Page 32 of 32

Re: Together Retro: First-Person Dungeon Crawlers

Posted: Mon Jun 04, 2018 1:01 am
by crazythink4
Well, I'm a little late to the part for my final post, but better late than never, I guess.

I didn't quite finish Shining in the Darkness. Before the month ended, I completed the fourth trial and last night got about a third of the way through the 2nd floor of the labyrinth. I don't have a ton of experience with FPDCs of this era, so a couple of bits of this analysis may be a bit off. If you spot anything, please correct me!

One thing I didn't know was that this was Climax and Camelot Software's debut game. (Camelot was spun out of Sega as Sonic! Software Planning.) According to Sega Retro, Sega gave the game a very minimal budget and Climax did the majority of the development. Given this, it seems to have turned out pretty well, all things considered. As others have mentioned, the visuals are pretty top notch. The story, to the point I've played it, is obviously cliche (I can't think of a more generic fantasy world than this one). I haven't played any of the later Shining games yet (though I plan to), so it'll be interesting to see if it distinguishes itself later on.

The game is pretty linear. To the point I've played it, there isn't a lot of branching paths to chase down and there's is by-and-large a single through-line that one needs to follow in each maze. That said, the maze design does feel fairly amateurish. Having used to DM some Dungeons and Dragons games, my youthful self felt the need to pack every single grid line to fill every map to the brim, and that's definitely what Shining in the Darkness's maps feel like. As such, the maps don't feel much like they could possibly be real locations. (For example, in the Cave of Wisdom at the bottom right of the first floor, you'll see lots of nonsensical twists and turns which are meant to fill out the map). When compared to Phantasy Star (one of the more obvious contemporaries to this), the maps feel a lot more relaxed despite being on a significantly weaker system with less cartridge memory.

That said, it's hard for me to know how much to hold this point against a 1991 game; it's seems like many fall into the extremes of "fill every grid space with something a corridor" (Megami Tensei, Wizardry 3, Bard's Tale) and "let the maps breathe and resemble reality a bit" (Wizardry 1, Phantasy Star). Most of them tended to go crazy with filling every nook and cranny, so I'm willing to call this par for the course.

As for mechanics, the system isn't very deep but it's also not terribly punishing either. You're not going to run into any nasty random deaths like Wizardry is famous for, and I also found that I didn't need to grind a lot (I tended to be decently levelled by fighting through every encounter I hit.) You have fixed party members and they tend to have a pretty good amount of personality (especially Pyra). It reminds me a lot of Dragon Quest II, which I played through the first time last year. I guess that shouldn't be surprising since Hiroyuki Takahashi worked on Shining after the Dragon Quest games.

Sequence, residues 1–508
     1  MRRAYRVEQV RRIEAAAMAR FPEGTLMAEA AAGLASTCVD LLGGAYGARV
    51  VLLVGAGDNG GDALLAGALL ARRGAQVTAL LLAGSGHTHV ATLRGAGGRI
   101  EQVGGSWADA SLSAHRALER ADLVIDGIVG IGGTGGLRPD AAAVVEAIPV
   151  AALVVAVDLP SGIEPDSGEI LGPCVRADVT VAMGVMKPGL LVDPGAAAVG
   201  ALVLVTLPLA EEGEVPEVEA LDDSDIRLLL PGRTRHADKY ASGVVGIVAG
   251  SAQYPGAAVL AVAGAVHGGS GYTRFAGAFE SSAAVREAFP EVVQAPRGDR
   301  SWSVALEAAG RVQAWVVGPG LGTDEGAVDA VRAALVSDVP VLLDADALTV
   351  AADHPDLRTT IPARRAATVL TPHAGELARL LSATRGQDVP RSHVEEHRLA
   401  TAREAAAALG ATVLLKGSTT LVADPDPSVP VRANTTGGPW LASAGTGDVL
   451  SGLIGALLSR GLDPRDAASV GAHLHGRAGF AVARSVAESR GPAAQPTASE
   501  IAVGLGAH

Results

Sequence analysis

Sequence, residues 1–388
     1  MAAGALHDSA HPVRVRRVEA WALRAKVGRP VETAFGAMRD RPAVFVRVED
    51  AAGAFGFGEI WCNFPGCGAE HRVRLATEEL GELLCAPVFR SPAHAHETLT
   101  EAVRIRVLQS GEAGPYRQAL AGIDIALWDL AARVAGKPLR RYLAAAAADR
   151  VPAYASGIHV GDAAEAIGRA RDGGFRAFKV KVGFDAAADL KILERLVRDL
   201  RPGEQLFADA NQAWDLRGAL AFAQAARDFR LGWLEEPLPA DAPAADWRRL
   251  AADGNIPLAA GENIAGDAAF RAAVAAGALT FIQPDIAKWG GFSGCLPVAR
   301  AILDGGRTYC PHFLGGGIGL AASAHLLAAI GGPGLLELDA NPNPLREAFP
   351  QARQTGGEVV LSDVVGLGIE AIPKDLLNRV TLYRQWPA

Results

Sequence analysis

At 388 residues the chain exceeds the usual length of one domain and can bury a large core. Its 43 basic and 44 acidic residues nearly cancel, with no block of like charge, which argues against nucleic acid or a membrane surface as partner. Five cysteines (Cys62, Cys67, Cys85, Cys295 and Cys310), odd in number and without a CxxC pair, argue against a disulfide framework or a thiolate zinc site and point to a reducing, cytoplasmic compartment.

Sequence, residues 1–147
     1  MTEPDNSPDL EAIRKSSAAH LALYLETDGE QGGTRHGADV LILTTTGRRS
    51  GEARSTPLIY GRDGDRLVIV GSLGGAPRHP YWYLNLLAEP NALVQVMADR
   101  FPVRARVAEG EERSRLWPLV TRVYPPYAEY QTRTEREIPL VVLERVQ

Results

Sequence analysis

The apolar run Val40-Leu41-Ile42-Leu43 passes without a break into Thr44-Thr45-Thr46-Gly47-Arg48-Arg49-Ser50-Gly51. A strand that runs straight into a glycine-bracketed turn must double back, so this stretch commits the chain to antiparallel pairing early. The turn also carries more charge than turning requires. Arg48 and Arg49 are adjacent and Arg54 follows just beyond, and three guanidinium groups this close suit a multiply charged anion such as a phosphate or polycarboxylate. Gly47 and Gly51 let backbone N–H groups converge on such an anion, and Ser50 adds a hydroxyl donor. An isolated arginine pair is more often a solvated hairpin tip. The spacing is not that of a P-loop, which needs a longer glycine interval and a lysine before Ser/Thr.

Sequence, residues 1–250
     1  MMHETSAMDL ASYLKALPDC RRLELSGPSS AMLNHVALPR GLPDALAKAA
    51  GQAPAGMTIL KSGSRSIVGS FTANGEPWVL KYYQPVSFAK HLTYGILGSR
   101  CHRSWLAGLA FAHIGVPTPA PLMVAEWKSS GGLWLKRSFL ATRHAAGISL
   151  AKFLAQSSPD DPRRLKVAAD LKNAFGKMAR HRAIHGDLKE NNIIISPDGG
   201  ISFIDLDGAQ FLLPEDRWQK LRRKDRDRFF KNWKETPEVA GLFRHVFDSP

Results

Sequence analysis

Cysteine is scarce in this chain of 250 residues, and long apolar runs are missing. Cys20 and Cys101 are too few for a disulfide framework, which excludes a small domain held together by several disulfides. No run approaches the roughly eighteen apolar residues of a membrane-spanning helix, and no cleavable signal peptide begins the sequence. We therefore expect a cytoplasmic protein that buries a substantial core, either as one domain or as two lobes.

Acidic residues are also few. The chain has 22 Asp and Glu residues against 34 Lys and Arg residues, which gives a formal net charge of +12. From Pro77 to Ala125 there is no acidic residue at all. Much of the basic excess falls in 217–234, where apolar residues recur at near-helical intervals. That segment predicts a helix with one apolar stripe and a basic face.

I'd be interested to know who the target audience for this game was. I wouldn't be surprised if it was targeted towards westerners. The Japanese had been munching on much more difficult RPGs over the years and there was a perception that RPGs were "too hard" for westerners. (See the difficulty adjustment of Final Fantasy IV, relabelled as Final Fantasy 2 in the USA. The running joke in Japan was that the western version should have been called "Final Fantasy Too Easy".) The very Disney art style seems to reinforce this. Given that this was one of the first JRPGs released in Europe, it seems that a lot of fingers are pointing at this being aimed at non-Japanese players. However, if anyone happens to know more about this aspect, I'd be happy to hear.

Anyway, I enjoyed my time with this month's theme quite a bit, and I especially enjoyed reading others' posts. In particular, Ex's posts have inspired me to check out more the Japan-originating Wizardry games. Thanks everyone! :)

Re: Together Retro: First-Person Dungeon Crawlers

Posted: Thu Jul 19, 2018 12:18 pm
by Exhuminator
So here we are quite a while later and I still haven't touched Wizardry: Tale of the Forsaken Land since May. I don't think I'm going to either. The reason why is because of the inane backtracking. I enjoy W:TotFL's atmosphere, graphics, music, challenge, plot, and combat engine. However, the fact that every time I go back to the game, I have to trudge through multiple previous dungeon levels, just to reach the dungeon level I'm currently on, is frankly bullshit. If I could just start back (even at the very beginning) of the current dungeon level I left off from, I would finish this game. It'd be worth it. But this absurd backtracking (or is it re-tracking?) was put in place purely as a means of artificial longevity, and I really don't appreciate it. I'll keep my save in case I ever change my mind, but presently I don't see that happening.

Re: Together Retro: First-Person Dungeon Crawlers

Posted: Tue Jul 31, 2018 10:11 pm
by prfsnl_gmr
In case anyone is interested...Wizardry: Labyrinth of Lost Souls (PS3) is 40% off (i.e., $5.99) on PSN right now. I’m going to pick it up. Not sure when I’ll get to it, but at that price...